This is an archived article that was published on sltrib.com in 2016, and information in the article may be outdated. It is provided only for personal research purposes and may not be reprinted.
The Senate passed a bill Thursday to require professional computer technicians who trip across child pornography to report it or face misdemeanor charges.
It voted 25-0 to pass HB155. Because it added minor changes, the bill was sent back to the House for final approval before going to Gov. Gary Herbert for his signature.
Sen. Todd Weiler, R-Woods Cross, the Senate sponsor of the bill, said it would not require technicians to search for child pornography, but creates a duty to report, when discovered, depictions of sexually explicit conduct involving minors.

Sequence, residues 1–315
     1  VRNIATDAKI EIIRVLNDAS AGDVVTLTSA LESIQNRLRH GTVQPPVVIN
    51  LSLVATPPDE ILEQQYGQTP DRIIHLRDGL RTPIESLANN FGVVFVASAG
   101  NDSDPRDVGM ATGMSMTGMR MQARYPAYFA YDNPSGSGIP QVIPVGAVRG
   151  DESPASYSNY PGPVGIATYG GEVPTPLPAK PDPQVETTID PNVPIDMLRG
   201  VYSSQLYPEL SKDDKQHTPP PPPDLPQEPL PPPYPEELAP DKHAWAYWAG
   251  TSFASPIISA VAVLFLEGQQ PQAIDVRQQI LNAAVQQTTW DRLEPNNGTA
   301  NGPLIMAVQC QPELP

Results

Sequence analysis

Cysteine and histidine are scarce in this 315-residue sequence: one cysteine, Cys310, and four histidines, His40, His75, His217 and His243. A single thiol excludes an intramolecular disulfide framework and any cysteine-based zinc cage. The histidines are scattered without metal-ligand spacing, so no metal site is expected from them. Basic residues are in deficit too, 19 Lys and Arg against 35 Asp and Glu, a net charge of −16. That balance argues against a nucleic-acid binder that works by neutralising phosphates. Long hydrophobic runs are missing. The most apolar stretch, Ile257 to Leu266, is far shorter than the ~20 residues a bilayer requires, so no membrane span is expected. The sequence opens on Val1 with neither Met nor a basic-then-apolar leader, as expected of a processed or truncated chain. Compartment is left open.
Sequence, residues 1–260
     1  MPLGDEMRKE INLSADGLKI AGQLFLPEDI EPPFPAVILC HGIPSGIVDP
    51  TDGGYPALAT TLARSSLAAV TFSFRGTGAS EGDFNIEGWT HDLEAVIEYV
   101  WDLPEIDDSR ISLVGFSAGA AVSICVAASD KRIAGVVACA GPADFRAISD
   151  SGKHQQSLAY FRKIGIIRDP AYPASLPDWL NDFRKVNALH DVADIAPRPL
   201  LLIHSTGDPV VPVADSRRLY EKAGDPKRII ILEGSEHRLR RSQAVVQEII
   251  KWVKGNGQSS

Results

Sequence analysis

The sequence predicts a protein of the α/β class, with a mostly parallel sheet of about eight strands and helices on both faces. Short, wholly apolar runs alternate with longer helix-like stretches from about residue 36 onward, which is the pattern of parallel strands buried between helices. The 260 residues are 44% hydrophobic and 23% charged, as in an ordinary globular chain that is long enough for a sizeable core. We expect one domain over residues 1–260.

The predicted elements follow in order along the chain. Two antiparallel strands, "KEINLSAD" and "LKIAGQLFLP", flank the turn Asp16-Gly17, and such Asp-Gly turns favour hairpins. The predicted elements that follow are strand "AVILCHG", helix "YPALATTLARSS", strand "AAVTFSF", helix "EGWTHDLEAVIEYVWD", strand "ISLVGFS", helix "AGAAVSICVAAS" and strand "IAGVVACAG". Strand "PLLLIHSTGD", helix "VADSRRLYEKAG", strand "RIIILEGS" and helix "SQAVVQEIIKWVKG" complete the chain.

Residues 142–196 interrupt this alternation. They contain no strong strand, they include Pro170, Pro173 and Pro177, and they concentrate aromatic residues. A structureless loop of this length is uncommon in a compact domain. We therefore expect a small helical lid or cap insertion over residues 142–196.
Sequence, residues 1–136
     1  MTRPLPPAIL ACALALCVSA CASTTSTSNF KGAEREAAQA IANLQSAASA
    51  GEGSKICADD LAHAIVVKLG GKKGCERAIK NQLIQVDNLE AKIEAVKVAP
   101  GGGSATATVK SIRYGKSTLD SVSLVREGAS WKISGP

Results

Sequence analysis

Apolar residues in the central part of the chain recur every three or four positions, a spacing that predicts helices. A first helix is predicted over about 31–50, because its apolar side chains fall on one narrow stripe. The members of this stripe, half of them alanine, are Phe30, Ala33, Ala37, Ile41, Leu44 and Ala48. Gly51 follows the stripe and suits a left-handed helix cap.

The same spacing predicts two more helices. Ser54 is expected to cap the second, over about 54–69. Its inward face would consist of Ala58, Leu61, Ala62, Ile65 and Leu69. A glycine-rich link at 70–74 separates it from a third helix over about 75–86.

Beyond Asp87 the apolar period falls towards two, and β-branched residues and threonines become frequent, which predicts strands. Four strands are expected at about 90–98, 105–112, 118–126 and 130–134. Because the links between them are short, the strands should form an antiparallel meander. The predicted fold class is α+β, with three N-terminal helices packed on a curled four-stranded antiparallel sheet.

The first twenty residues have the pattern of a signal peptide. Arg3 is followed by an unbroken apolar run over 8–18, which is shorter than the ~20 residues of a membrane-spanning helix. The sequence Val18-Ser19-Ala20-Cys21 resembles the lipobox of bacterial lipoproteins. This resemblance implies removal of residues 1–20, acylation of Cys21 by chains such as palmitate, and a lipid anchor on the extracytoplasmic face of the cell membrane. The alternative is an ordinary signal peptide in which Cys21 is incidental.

The bill would provide immunity against civil lawsuits for technicians who report in good faith but make a mistake.
Weiler said 12 other states have similar laws.
Sen. Scott Jenkins, R-Plain City, raised some concerns. "We take a person who innocently stumbles across something, and we actually criminalize him if he doesn't respond."
Weiler said the state has done the same thing by requiring people to report child abuse they discover. "It's an incentive for people to do the right thing."